When the bees returned they came in geometrical groups. It took scientists years to understand the logograms, and subsequently develop a device for cross-communication.
They got goosebumps as they rounded the long, narrow chasm. To their left they could hear water. To their right they could feel the sparks. A little farther and they would be out of range. They dragged the sled behind them, the metal chassis against the gravel grumbling and shaking. These ingredients were in demand. The lapis. The infant in the vessel. Scales from the serpent. A twig from the tree. These things would bring a good price. Then they were overwhelmed by the the smell of sulfur. They quickened their pace. Behind them there was a shriek from a bird. As they pulled the sled faster the crackle and pop of the small rocks under them became a hiss of urgency. It was forbidden to be here. The trade was risky, but they'd never been caught, it was too terrible to think about. Concentrate on getting back, he yelled. Under this sky they appeared vibrant, striated with energy, tendrils of life were illuminated from them. Ignore it, he warned. They couldn't stop, even if there was temptation, there was a threat of transformation, absorption into the chaos. They wouldn't be the first to become lost. The traps they'd placed, some a long time ago, had been painstakingly positioned. Not all of these had been fruitful, but enough to make this difficult journey worthwhile. Ahead, they were close, the ground became sand and the sled was easily pulled. Close, he said, so close keep focused.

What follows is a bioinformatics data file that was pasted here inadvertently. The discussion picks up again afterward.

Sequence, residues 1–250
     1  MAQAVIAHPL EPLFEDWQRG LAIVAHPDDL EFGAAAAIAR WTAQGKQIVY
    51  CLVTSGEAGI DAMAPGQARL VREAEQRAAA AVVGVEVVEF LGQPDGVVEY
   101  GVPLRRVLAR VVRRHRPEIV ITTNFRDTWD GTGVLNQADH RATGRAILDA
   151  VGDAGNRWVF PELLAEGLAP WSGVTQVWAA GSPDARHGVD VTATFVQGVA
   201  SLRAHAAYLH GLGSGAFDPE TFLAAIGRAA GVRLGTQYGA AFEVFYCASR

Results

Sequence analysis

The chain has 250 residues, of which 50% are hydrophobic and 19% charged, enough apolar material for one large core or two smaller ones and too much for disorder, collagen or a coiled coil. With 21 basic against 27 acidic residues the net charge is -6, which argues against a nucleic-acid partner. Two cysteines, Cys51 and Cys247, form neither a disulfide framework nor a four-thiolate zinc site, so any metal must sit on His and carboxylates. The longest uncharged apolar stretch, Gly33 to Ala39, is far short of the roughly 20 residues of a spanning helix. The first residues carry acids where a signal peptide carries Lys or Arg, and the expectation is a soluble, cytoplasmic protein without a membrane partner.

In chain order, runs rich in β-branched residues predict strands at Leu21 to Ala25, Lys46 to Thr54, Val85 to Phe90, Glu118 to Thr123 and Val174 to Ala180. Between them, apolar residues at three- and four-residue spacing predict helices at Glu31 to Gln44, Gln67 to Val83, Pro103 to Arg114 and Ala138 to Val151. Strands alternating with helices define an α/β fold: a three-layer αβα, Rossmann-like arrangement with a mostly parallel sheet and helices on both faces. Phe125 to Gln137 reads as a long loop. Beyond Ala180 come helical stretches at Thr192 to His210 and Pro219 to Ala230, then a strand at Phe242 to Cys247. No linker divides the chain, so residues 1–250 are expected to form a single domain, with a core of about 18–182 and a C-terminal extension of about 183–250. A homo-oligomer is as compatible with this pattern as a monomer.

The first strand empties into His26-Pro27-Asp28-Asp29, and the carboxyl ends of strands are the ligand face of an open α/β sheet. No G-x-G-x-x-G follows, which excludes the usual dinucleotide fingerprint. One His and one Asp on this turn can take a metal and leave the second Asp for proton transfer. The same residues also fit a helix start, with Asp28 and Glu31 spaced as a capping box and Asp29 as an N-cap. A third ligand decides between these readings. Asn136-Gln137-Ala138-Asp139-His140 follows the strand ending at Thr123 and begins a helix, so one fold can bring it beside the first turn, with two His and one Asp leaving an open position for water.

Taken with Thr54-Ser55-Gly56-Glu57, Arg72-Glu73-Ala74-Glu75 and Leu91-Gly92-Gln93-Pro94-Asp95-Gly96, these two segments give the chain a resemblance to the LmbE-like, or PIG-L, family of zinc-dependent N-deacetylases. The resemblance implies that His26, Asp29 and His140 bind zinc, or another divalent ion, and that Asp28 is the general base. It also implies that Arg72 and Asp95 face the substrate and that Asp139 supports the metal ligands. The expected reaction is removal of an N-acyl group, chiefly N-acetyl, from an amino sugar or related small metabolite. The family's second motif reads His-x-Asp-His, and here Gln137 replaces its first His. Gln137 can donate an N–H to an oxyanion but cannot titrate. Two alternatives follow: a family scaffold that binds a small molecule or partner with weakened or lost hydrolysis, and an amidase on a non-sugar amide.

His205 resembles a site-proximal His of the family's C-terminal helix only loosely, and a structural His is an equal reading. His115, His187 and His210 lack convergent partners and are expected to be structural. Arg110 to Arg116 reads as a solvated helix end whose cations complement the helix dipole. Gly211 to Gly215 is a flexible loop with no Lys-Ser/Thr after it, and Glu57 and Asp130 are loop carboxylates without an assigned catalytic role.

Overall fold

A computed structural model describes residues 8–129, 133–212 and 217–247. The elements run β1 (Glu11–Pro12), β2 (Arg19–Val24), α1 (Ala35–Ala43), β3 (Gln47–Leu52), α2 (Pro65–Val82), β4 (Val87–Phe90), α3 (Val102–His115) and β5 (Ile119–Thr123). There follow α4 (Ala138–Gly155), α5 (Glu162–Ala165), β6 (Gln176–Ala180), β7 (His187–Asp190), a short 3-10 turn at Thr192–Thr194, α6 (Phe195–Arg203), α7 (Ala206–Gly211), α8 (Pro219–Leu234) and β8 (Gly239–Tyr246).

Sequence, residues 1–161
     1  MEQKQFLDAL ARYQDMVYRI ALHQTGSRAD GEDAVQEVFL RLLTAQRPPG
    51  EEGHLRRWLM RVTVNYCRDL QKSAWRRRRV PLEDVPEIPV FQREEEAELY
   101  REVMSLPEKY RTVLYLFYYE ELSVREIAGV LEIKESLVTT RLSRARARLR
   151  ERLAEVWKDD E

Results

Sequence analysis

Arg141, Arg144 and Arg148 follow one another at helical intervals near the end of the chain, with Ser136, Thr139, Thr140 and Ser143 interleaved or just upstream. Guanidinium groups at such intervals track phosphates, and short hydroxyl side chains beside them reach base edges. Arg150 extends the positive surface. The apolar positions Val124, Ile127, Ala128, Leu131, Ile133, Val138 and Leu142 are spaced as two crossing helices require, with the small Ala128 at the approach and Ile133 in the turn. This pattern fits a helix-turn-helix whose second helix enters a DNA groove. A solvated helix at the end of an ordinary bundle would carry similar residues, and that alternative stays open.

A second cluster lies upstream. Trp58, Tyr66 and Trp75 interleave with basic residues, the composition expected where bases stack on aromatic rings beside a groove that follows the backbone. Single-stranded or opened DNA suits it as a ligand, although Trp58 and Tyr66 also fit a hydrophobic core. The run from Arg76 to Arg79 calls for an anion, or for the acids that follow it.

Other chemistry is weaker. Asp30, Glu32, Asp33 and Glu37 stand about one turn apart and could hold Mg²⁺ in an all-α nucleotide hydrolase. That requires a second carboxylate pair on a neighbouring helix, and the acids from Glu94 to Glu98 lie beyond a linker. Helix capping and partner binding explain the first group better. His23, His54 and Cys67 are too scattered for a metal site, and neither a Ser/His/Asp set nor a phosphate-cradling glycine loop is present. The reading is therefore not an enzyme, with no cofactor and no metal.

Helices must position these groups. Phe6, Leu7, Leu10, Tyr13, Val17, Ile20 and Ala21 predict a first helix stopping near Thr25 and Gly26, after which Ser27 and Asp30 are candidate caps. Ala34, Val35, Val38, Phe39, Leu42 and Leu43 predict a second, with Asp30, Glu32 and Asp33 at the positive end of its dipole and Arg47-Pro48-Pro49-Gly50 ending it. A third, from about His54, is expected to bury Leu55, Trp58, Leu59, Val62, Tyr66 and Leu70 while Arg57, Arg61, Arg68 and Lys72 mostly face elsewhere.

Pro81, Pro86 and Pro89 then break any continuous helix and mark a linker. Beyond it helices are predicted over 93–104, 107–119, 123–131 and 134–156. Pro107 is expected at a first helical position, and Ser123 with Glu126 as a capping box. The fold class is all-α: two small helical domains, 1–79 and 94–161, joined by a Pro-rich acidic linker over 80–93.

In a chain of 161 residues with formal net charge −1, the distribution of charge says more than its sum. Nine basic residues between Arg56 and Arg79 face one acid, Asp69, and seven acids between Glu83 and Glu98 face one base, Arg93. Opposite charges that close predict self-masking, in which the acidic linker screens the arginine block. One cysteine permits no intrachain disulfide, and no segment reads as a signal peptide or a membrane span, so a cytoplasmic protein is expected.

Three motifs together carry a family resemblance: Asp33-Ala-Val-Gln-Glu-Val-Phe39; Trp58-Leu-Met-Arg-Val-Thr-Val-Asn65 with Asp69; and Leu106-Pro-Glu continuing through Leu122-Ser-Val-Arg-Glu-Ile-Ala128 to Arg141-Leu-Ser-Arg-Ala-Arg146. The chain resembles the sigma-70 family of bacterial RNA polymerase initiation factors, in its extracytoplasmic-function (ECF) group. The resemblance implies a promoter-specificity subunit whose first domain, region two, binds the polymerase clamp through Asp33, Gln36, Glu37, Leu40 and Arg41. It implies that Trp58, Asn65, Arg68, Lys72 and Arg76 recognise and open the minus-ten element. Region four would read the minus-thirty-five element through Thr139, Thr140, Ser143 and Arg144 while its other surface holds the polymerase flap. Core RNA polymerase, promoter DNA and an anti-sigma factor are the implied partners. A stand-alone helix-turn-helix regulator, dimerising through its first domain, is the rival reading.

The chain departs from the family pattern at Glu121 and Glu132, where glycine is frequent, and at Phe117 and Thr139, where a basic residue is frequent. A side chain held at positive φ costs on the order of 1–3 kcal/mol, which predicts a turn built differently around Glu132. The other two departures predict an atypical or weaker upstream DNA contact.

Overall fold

The bark on the trees illuminated as waves of sound pummeled the camp. The brutal orchestration of the sonic weapon was garish and out of touch.
Man with a Movie Camera (Dziga Vertov, 1929)
“When you’ve mastered the art of it everything else will seem like a slow motion car crash,” she said.
Instructions were relayed via a sequence of short, explosive and toxic gastrointestinal events.
When he spoke it sounded like it was through a cardboard tube. I'm not entirely here, he complained. Well, you do sound far away, they said. He tried yelling, for effect, as an experiment. They chuckled. See? he said. The captain calmly suggested this could be a real problem. What if this happens to all of us, he asked, sternly. Of course, they said, apologetically. It's some time-space distortion perhaps, he said. They tittered when he said it, so far away. What else do you feel? they asked. As if I could drown, he said, but I'm not afraid. I feel like life is a book whose pages I'm flipping through too quickly, afraid of reaching the end, but also of the beginning, he said. There is a reflection of me that I don't understand, and I know I never will, he said. These are very specific symptoms, they replied. If you put me into the chamber be sure to put both of me, he said. Both of you? they asked. I am an echo, from two places, from both of me. I am a consequence, he said. A consequence of what? they asked. Decay. Fearlessness. He said.
Rain speckled the windshield. They changed out of jumpsuits and into formal wear as efficiently as they could.
FERNWEH by jlillard
I now know the ambiguous feeling of the German word, fernweh; a word with no equivalent in the English language. When broken down, fernweh literally translates to, “farsickness,” and is often unsatisfyingly paraphrased as, “an ache for distant places.” Despite the translational shortcomings, and whether explained in German or English, the word remains difficult to grasp, perhaps because the feeling fernweh aims to describe is inherently ungraspable.